Over the last few months we have been investigating some of the larger horse markets in France. We have invested heavily in surveillance equipment to record the evidence we need to effect the necessary changes. If we do not film or photograph unseen, then we run the risk of losing information. We were noticed photographing the huge sore on the female donkey’s hindquarters (see below), and when we returned to look at her, she had disappeared.
As ERF, our presence at the markets is to assess and report upon:
- The well-being of the equines offered for sale
- The conditions for the equines whilst at the markets
- The handling of equines at the markets
- The transportation to and from the markets
- The compliance with EU welfare regulations, in particular Council Regulation (EC) 1/2005
Armed with this information, we then take the appropriate steps to report offences witnessed to the relevent EU bodies.
Our findings to date have been shocking. With a little more common sense applied to the needs of equines, many of the issues we encounter could be avoided. Some would be simple to implement – less overcrowding in the pens could prevent many of the injuries we witness.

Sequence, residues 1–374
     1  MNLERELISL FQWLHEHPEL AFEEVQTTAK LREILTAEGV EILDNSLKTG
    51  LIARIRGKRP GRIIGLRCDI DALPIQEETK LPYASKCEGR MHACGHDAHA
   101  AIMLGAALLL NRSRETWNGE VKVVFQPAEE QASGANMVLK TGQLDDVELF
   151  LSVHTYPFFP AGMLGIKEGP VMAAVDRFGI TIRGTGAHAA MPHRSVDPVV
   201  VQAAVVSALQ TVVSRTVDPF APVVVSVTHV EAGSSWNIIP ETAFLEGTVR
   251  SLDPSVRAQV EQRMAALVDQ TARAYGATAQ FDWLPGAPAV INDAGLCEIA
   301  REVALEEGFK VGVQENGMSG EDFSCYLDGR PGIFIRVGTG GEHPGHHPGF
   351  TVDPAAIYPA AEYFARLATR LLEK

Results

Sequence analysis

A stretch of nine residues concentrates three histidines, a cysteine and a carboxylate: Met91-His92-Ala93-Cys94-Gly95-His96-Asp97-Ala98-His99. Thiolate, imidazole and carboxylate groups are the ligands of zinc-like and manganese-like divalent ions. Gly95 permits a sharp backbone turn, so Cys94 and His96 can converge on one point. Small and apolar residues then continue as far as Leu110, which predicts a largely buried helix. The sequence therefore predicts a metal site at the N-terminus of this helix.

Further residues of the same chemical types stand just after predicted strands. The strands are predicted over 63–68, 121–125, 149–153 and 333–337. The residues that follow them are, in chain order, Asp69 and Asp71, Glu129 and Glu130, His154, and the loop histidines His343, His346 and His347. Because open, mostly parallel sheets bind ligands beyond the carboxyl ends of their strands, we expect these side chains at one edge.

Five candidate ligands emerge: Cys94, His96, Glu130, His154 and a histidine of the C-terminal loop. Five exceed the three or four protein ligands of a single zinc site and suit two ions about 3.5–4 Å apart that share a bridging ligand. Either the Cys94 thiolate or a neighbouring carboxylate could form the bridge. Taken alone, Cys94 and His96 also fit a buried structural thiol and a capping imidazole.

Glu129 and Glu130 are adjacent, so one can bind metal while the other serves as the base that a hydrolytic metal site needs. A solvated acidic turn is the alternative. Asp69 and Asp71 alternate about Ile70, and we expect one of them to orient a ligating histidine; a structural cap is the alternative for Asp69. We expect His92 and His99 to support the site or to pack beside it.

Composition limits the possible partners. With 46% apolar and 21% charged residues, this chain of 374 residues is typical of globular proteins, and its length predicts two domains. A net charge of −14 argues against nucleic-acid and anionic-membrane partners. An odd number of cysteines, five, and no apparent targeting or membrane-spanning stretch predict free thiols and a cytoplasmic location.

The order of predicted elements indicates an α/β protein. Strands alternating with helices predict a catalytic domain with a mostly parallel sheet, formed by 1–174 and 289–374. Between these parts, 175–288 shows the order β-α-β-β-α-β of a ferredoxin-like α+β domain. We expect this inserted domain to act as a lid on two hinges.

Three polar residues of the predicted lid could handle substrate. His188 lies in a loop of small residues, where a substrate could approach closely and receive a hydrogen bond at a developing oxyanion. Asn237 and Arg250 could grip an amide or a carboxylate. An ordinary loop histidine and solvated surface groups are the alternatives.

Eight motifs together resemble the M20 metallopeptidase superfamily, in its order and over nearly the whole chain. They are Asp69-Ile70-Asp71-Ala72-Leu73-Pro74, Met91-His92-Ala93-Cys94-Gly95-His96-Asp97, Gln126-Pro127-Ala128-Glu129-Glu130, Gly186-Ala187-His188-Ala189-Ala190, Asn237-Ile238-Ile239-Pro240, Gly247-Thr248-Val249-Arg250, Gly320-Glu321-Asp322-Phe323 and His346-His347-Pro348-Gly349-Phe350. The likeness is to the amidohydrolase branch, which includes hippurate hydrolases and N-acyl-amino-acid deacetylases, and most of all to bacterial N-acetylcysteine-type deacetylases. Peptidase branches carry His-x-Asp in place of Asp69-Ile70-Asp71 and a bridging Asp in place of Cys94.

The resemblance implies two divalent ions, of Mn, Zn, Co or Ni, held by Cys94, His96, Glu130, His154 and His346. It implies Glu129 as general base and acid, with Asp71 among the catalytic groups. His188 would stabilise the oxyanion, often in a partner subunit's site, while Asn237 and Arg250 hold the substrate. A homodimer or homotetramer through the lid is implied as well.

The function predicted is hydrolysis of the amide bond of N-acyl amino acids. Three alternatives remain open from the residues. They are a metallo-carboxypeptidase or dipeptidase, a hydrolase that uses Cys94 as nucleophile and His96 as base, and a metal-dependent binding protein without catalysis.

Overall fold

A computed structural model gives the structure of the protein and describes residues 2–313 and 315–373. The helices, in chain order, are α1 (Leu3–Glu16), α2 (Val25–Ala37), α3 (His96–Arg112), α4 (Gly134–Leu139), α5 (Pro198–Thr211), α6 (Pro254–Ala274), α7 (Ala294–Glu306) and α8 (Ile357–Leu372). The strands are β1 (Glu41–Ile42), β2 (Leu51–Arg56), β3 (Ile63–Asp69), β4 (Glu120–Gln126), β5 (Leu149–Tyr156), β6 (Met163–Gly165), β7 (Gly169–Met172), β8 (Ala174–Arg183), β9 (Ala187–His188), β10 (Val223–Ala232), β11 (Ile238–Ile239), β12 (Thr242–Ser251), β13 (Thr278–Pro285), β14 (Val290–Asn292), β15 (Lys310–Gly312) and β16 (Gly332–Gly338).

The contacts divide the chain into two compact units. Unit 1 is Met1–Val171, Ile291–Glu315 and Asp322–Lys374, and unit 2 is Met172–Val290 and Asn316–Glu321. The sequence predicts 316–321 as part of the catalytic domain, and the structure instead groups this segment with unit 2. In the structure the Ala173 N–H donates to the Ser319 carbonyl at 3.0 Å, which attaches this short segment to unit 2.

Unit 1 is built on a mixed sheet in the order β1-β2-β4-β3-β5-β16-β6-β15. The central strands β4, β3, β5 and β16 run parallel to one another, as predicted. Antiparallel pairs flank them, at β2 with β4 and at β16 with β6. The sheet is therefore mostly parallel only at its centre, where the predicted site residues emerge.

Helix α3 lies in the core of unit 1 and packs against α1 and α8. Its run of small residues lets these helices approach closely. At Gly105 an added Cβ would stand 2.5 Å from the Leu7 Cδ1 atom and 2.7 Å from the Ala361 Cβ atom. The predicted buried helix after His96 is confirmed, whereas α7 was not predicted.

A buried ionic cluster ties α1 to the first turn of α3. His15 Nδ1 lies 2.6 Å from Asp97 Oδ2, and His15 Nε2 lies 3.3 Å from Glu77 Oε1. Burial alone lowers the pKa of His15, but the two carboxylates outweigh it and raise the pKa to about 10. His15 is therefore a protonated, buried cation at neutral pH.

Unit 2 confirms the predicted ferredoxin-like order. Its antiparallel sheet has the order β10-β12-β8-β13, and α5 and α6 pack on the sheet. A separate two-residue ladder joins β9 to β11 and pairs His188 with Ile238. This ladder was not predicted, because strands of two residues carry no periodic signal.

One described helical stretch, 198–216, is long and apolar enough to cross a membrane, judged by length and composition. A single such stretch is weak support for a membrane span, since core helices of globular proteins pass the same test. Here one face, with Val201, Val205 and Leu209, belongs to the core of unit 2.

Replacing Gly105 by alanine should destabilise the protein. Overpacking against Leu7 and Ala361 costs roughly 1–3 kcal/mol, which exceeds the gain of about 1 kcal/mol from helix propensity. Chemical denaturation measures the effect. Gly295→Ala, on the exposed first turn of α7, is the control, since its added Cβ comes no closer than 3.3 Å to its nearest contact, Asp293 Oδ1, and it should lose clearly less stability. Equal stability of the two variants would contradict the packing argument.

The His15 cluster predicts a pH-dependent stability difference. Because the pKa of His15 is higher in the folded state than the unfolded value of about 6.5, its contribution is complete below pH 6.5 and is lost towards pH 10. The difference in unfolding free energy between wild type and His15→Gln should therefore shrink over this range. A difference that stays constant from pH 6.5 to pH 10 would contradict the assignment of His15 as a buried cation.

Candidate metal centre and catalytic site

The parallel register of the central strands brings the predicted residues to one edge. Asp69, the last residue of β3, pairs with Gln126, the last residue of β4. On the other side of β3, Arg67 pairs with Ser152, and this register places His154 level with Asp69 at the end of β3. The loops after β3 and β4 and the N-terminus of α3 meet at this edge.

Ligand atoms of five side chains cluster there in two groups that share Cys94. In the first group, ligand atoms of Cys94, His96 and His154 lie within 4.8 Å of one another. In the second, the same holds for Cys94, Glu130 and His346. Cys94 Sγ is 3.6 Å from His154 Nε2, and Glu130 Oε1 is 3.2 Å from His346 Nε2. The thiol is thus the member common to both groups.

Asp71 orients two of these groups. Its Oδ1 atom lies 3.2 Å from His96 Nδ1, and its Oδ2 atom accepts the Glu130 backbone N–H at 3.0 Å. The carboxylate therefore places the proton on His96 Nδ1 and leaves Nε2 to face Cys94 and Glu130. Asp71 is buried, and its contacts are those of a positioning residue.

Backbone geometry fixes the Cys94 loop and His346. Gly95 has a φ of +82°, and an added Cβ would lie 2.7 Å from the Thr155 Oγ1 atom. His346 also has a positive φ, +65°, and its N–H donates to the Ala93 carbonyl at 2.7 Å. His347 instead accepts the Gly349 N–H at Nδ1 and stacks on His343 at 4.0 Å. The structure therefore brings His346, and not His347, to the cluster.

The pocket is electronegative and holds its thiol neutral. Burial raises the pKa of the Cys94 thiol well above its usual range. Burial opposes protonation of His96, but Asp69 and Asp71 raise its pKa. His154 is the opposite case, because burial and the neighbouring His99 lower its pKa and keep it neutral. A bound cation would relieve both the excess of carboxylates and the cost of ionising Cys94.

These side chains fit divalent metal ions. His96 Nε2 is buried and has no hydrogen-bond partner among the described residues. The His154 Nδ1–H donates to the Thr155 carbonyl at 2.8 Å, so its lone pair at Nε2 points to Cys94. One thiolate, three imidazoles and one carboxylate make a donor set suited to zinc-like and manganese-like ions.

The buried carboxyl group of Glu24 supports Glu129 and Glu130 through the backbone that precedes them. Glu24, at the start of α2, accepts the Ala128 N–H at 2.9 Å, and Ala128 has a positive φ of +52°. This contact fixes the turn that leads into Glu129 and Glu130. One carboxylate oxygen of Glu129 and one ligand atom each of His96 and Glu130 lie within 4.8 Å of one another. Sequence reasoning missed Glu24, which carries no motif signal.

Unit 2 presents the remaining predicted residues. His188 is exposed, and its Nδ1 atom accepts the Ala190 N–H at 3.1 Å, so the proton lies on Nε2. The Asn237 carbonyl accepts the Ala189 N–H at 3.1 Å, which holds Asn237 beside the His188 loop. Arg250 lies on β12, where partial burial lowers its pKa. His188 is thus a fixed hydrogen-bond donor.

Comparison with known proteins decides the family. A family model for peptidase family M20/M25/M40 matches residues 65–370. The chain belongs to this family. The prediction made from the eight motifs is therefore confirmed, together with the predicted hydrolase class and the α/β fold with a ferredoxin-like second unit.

There is a clear disregard for many of the EU transport laws – highly unsuitable vehicles used for transportation (two ponies even came out of the boot of a car!), inhumane loading practices, mixing horses and donkeys, entires and mares with all ages and all sizes being crammed so tightly into vans that the doors needed a lot of force just to shut against them.
Several injuries we saw were obviously from the horses being crushed against the ramp, or each other. Eye and lower limb lacerations were commonplace. There was no partitioning in many of the smaller dealers’ vans.
It seems likely that the permitted journey times for the young heavy horses travelling to Italy are being exceeded. The market is at least 8 hours (maximum journey time for unhandled horses) from the Italian border, and many of the trucks originated from regions in the NE of Italy.
We will continue to monitor, report and campaign for equines to be treated humanely within the current EU animal welfare laws. We cannot continue to do this without your help. We need you as our eyes on the ground to report cases to us, and as our financial support. Every little helps, so please consider making a donation to enable to carry on with our welfare work in France.